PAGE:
“God you say in your Word ‘Whatever you ask in my name, this I will do, that the Father may be glorified in the Son. If you ask me anything in my name, I will do it.’  You said ‘Or which one of you, if his son asks him for bread, will give him a stone?’  Well, God, I asked for healing for my father-in-law, and guess what? You didn’t do it.  I asked for ‘bread’ and was given a ‘stone.’  You say you are good, and you give good gifts, but my experience says to me that you are a liar.”

For several weeks I struggled with what my experience was telling me.  I kept praying, seeking for some understanding.  Then one day I had a Job-like moment with God. Job had questioned God at length. When he finally fell silent, God answered Job with questions of his own. “Were you there when I laid the foundation of the earth?”  After all my questions of God, he had some for me.  He asked “Are you an infinite being with all knowledge of every situation throughout all of history in the entire universe?”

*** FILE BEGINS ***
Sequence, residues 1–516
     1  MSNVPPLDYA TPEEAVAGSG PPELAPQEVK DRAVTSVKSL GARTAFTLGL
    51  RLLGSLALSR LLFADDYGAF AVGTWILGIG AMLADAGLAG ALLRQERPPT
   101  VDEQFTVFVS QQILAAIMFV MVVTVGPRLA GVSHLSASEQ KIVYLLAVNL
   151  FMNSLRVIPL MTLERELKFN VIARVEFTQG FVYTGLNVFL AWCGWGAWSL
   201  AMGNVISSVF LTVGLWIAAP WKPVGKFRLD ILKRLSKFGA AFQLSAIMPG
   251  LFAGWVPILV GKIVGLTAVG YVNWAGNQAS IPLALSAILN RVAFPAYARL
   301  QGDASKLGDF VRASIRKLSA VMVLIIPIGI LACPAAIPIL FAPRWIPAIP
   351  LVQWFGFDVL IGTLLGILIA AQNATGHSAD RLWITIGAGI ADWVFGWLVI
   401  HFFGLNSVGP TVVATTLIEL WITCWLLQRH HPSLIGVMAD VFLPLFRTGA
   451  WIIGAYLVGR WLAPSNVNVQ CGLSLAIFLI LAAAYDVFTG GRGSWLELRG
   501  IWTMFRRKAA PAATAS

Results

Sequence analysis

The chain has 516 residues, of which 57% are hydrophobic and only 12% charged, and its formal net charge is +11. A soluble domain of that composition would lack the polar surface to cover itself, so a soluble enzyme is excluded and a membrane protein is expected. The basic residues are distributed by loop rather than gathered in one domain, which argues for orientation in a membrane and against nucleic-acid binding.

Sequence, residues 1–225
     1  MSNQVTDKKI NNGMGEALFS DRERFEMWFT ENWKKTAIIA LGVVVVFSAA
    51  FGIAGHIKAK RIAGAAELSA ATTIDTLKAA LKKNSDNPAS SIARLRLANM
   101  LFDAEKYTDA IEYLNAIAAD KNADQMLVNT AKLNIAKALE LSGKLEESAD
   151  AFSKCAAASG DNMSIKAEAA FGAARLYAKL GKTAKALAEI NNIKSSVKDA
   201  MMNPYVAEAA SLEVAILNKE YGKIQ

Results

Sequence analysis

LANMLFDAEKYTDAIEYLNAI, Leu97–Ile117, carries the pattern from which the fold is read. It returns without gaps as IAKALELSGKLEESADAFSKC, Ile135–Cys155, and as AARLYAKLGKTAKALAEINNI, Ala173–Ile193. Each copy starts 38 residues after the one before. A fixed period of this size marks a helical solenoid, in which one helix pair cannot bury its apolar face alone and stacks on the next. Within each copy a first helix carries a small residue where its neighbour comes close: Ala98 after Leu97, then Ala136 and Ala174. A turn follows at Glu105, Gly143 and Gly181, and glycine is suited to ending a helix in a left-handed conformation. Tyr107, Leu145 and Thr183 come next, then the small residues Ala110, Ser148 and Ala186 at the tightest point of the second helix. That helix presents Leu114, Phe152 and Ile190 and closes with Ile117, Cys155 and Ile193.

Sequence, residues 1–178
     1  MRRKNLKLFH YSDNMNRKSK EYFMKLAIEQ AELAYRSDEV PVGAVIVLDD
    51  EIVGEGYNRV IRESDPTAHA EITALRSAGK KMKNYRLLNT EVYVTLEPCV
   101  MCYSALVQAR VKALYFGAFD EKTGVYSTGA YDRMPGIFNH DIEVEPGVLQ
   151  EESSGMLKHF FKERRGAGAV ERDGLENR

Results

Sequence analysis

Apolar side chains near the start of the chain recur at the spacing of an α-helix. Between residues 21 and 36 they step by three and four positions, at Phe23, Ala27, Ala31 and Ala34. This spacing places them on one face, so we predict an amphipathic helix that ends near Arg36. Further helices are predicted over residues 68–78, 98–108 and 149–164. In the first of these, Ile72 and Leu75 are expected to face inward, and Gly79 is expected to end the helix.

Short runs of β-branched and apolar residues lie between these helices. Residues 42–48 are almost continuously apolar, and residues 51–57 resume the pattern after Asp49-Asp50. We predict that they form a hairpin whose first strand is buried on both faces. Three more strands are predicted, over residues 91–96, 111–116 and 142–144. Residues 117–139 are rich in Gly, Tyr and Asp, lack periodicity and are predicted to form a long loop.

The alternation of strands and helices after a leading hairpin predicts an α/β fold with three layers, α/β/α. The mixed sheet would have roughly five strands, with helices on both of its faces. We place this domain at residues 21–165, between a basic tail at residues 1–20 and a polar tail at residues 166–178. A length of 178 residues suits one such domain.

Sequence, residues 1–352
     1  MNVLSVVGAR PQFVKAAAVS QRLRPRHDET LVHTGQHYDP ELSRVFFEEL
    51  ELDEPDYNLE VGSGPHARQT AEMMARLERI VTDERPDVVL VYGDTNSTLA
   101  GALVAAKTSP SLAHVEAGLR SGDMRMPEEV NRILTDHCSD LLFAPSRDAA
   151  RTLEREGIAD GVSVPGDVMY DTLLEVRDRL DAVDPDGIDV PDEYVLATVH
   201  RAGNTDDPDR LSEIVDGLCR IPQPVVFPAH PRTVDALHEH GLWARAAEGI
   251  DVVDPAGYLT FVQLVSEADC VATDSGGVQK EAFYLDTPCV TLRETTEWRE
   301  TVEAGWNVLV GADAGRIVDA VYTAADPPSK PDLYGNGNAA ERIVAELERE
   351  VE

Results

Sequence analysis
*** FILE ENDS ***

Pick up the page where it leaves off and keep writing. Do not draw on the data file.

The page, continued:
“No,” I sheepishly replied.

“Then how can you possibly know my plans or understand my ways?”

At that moment I understood what “faith” really is about. Faith is not some belief in something despite the evidence. Too many Christians think faith and reason are enemies. People think faith is “believing hard enough,” or “believing in something despite the evidence.” Belief, however, does not create truth.

Too many Christians treat faith like this: Someone walks into an empty room and believes with all his might that a chair is there. When he goes to sit down he falls to the floor because that wishful thinking cannot create a chair.